Le Boreal – the chic ship with a flair for adventure

First visit: Le Boréal in London

First visit: Le Boréal in London

It’s easy when boarding Le Boréal to think this sleek, modern French ship with its fine dining, elegant lounges and tiers of passenger balconies would spend its time gently bobbing off Monte Carlo or a Greek island.

But under the svelte exterior beats a courageous heart which makes it the biggest ship to visit Antarctica or guides it through the North-West Passage. Next year it is heading for Alaska for the first time, albeit the relatively calm stretch between Vancouver and Juneau. Other exotic destinations for the four-year-old Le Boréal and its two, almost identical, Compagnie du Ponant sister ships include Japan and the Mekong.

Haute cuisine: The main restaurant

Haute cuisine: The main restaurant

Passengers who can tear themselves away from the haute cuisine, the spa or the outside bar can bounce around in RIBs launched from the marina. The slightly less adventurous can take a dip in the pool or use the treadmills in the gym while enjoying an amazing view of the ocean.

For such a small ship – just under 11,000 tonnes – there’s a plethora of balconies, with 95 per cent of rooms having one. And while the food has a French flair, you don’t have to take a bilingual dictionary – all the staff speak English and announcements are made in both languages.

Setting the scene: The theatre

Setting the scene: The theatre

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Crystal raindrops: The sculpture in the atrium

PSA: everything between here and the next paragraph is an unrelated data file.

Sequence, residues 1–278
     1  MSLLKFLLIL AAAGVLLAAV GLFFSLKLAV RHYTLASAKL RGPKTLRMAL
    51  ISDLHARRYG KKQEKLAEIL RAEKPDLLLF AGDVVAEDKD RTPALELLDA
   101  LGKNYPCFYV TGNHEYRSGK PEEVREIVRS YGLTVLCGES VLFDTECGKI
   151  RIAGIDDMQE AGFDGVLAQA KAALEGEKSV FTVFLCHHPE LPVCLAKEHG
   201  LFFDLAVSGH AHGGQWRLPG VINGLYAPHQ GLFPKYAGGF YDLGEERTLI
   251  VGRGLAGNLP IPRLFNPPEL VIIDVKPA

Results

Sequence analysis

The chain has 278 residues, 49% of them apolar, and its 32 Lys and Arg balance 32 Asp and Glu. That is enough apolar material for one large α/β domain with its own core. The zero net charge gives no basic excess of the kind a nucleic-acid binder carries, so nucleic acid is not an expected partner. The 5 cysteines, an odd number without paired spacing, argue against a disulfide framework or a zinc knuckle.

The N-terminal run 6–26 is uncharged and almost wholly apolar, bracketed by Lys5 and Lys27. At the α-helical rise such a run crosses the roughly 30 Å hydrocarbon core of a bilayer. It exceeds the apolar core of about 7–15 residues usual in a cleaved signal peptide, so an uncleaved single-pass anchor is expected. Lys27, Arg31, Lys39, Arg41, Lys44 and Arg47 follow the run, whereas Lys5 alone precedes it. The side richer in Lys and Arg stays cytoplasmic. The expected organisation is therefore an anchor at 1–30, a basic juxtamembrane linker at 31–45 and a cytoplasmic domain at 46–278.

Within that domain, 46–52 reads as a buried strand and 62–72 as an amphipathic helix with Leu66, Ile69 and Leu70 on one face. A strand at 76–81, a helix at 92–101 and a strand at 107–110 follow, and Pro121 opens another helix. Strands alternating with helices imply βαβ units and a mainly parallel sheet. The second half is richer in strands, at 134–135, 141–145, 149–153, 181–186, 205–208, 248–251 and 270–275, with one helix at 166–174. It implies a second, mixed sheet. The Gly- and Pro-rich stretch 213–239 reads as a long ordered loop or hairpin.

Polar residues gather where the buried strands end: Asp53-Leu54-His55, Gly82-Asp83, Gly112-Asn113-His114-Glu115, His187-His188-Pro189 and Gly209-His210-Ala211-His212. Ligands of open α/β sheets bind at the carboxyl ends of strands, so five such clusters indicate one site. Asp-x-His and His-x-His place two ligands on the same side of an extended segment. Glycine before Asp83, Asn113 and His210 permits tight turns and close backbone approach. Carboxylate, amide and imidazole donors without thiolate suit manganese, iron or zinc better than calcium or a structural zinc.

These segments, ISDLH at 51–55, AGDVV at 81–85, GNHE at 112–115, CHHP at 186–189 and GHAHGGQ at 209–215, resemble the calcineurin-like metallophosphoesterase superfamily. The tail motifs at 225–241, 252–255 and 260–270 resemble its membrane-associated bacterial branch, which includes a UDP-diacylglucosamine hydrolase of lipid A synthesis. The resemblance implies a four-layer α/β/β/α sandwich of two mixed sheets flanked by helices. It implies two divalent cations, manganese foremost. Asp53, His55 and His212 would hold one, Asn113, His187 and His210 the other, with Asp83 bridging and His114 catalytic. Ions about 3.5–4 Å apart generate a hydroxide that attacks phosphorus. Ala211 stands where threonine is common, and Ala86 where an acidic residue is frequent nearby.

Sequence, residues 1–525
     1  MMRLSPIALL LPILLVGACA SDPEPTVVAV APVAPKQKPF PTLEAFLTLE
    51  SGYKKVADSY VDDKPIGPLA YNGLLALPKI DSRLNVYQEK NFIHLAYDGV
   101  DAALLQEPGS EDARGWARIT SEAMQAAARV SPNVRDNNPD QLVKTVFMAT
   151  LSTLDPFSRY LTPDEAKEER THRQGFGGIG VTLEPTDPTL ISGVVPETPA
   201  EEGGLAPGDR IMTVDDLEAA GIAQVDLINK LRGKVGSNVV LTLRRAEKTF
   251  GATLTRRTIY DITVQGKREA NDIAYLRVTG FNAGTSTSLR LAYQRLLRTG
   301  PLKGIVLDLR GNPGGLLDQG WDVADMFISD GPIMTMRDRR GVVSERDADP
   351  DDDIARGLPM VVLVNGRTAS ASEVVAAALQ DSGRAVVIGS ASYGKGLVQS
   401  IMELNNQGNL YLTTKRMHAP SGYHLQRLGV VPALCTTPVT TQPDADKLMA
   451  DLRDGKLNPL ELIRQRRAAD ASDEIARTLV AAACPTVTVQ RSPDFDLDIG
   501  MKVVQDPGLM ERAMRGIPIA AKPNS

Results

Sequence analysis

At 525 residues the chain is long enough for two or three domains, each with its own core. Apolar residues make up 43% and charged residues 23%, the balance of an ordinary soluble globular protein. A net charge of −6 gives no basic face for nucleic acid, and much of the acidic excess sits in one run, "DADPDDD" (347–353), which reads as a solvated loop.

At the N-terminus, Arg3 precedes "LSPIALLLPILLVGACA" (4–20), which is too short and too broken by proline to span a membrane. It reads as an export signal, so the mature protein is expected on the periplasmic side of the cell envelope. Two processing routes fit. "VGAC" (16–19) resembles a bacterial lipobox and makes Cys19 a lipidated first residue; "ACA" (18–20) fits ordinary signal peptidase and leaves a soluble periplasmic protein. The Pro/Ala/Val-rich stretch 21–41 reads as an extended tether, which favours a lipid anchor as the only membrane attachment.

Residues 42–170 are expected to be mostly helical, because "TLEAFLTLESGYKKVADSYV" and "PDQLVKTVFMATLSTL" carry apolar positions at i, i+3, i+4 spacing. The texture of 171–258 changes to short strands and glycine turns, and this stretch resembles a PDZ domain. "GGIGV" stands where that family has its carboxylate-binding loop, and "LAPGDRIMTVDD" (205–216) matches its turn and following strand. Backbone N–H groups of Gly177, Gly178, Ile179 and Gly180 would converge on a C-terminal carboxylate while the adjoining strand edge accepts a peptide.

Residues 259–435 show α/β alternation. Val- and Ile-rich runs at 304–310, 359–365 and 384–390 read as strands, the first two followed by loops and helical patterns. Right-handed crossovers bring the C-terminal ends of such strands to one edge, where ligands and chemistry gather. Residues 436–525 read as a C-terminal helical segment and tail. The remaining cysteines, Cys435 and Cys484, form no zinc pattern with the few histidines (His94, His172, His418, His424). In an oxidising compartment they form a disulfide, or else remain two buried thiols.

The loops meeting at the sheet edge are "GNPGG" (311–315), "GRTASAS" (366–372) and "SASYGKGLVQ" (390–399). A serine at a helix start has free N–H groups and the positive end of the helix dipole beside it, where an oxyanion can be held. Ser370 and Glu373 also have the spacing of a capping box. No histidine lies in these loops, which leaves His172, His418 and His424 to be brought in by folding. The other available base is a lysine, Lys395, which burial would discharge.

Sun deck: Guests relax on sunloungers around the pool

Sun deck: Guests relax on sunloungers around the pool

Time to be treated: The entrance to the spa

Time to be treated: The entrance to the spa

Gym calmer: The exercise room has tranquil views

Gym calmer: The exercise room has tranquil views

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Licence to grill: The upper restaurant, which also extends outside

Restful: The main lounge

Restful: The main lounge

Bridge view: Passengers can enjoy the same view as the captain simply by knocking on his door

Bridge view: Passengers can enjoy the same view as the captain simply by knocking on his door

Spare RIBS: These Zodiacs are used on adventure trips

Spare RIBS: These Zodiacs are used on adventure trips

The relaxed feel of the ship – which I visited on its first trip to Britain – extends even to the bridge, where most of the time a simple knock on the door will allow passengers to share the captain’s view as he and the first officers steer the 142m (466ft) vessel.

Next year, all three ships will go all-inclusive, making it even easier for guests to make new friends in the bars and restaurants without worrying about the bill.

Height of luxury: The outside bar

Height of luxury: The outside bar

From the marina and main restaurant on deck 2, you head up past the main lounge on deck 3, the theatre on 4 and spa on 5 to the pool bar, grill restaurant – which spreads outside – and observation lounge on 6 to the outside bar on 7.

With only 264 passengers and 136 crew, there’s a certain je ne sais quoi about Le Boréal which sets it apart wherever it moors, from the sunshine of London to the snowy wastes of Antarctica.

All photos by author

Shipmonk has been shortlisted as best blog in the 2015 Cruise International awards. To vote, please click here (last category)

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